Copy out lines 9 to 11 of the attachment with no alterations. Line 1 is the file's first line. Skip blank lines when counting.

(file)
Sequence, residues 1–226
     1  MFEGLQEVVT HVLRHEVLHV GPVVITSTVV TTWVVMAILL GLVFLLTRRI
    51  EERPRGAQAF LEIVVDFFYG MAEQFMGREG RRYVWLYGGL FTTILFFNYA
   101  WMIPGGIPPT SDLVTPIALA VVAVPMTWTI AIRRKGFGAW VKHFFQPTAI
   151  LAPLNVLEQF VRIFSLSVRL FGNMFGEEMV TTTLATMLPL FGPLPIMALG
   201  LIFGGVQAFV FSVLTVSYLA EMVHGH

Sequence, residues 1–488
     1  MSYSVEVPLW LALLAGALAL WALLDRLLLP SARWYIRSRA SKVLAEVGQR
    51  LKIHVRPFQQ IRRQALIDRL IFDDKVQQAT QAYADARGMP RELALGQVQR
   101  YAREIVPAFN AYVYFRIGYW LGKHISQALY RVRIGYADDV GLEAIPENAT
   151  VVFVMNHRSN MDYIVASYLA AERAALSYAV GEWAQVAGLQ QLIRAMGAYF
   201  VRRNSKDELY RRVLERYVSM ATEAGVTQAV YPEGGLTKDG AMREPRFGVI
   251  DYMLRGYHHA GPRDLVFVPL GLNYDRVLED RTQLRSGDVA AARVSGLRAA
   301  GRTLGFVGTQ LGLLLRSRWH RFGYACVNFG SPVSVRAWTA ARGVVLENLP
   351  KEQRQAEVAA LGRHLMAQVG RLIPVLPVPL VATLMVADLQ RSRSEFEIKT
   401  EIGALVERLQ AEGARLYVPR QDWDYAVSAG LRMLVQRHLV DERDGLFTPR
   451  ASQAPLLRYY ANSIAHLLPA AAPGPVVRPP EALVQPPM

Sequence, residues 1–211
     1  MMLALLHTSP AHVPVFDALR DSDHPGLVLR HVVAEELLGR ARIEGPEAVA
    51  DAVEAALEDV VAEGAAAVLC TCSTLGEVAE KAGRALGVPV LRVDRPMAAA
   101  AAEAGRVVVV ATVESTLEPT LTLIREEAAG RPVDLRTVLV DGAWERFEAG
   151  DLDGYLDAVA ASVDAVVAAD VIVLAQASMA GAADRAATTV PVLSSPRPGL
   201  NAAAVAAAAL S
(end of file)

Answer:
    51  LKIHVRPFQQ IRRQALIDRL IFDDKVQQAT QAYADARGMP RELALGQVQR
   101  YAREIVPAFN AYVYFRIGYW LGKHISQALY RVRIGYADDV GLEAIPENAT
   151  VVFVMNHRSN MDYIVASYLA AERAALSYAV GEWAQVAGLQ QLIRAMGAYF